Usually, when you hear about ad agency veterans opening up their own shop, the principals consist of someone with a copywriting background, someone with an art direction background, and someone with an account management background. But Seattle’s PB& isn’t structured that way — and that’s proving to be an effective move.
Founded in 2016 by strategist Britt Peterson Fero and production expert Pete Anderson, PB& has already made a splash with a number of high-profile projects for Visit Seattle, Budweiser, and other clients. As for the roles of the principals, “In a traditional agency model, strategy and production are often pigeonholed at the beginning and end of the process. But there’s a lot that happens to an idea along the way,” Fero said. “We’re freed up to get to the idea faster and then bring in the resources to make it real.”
Added Anderson, “An idea might call for an architect or a retail designer, not an ad team. We think of it as ‘strategic consultancy meets Hollywood production company.’” Without an account management leader, both Fero and Anderson share oversight of the client relationship for each project.
Agility Provides the Key to Success
Like many of their peers in the ad world, the PB& team have heard the frustrations of clients who believe many agencies are slowed by their processes and often have trouble responding to cultural moments and business situations.
That’s why clients are receptive to the PB& model, according to Fero. “The way the world changes now, flexibility is more important to clients than ever before,” she said. “Marketers want agency partners who are willing to understand what the challenge is, and then design around it. There’s still a process many agencies have to go through that’s too cumbersome.”
The agility of PB& was on full display in early 2017 when Seattle residents were asked to “shine a light” in a show of solidarity for immigrants and refugees after President Trump proposed a travel ban. As Anderson recalls, “As soon as the idea was announced – it was 4:00 on a Monday – Britt looked at me and said, “Do you think we can capture this for Visit Seattle?” On 24 hours notice, the PB& team created a video to commemorate the event and even got hometown artist Macklemore to provide the soundtrack.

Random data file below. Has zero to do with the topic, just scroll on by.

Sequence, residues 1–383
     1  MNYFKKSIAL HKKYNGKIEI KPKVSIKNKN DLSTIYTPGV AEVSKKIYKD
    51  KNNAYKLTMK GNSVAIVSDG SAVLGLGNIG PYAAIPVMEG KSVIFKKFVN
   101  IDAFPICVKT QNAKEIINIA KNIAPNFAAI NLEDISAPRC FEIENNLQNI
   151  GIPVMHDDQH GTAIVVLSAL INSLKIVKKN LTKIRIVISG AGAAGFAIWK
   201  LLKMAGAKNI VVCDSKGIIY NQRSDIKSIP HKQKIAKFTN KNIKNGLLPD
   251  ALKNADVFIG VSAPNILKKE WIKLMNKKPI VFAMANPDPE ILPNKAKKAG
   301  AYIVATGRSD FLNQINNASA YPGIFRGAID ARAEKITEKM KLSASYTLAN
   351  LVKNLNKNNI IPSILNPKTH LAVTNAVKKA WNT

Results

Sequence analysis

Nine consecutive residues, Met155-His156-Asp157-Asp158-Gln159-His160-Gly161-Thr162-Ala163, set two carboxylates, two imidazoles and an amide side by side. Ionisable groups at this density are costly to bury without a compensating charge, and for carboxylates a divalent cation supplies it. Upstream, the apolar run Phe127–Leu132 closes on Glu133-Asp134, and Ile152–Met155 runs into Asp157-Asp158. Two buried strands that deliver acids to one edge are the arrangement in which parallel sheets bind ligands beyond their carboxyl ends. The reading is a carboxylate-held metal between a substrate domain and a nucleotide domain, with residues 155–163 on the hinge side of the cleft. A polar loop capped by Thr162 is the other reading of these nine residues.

The key to successfully using that kind of cultural currency, according to Fero, is an understanding your client’s brand and how far it can stretch. “One of the strengths of this city is how welcoming it is of everyone — its diversity. When you really know the brand, you can use moments like these when they occur, and it totally makes sense.”
Relationships were the key to landing a big project with Budweiser. In the Pacific Northwest, the land of hoppy IPAs and other craft beers, Bud might seem like an odd client to have. But Fero believes it’s a good strategic fit. “What’s special about Budweiser is its history, set of values, and a story that Northwesterners can connect with,” she said. “You’re talking about a brand which is all about the pursuit of passion, ambition, and following your dream. Those are really strong PNW values. We decided to show them and celebrate them.”
Seattle: A Challenge and an Opportunity
The presence of Amazon and other tech startups has infused Seattle with a lot of resources to pull off big ideas, according to Anderson. “Being in Seattle, you’re exposed to a lot of new ideas. There’s lots of talent here, and I can find just about anybody to build something here or try something different,” he said.
But even with the explosion in entrepreneurship, ideas and talent, Seattle still takes a backseat to cities like San Francisco as an advertising town. The PB& team is fully aware of the perception challenges facing ad agencies based in the Emerald City. “Seattle is a town full of amazing, creative startups, but it’s not known to be an advertising mecca,” said Fero. “I think it’s an overlooked market. And I think the agencies here, collectively, haven’t been great about building our own brands within the city.”
Nevertheless, PB& has big goals and is actively working to raise its national profile. Among its target prospects are blue-chip companies and consumer packaged goods clients, for which Fero and Anderson both have prior experience. “We’re hungry,” Anderson said. “We have senior-level people ready to take on really tough challenges.”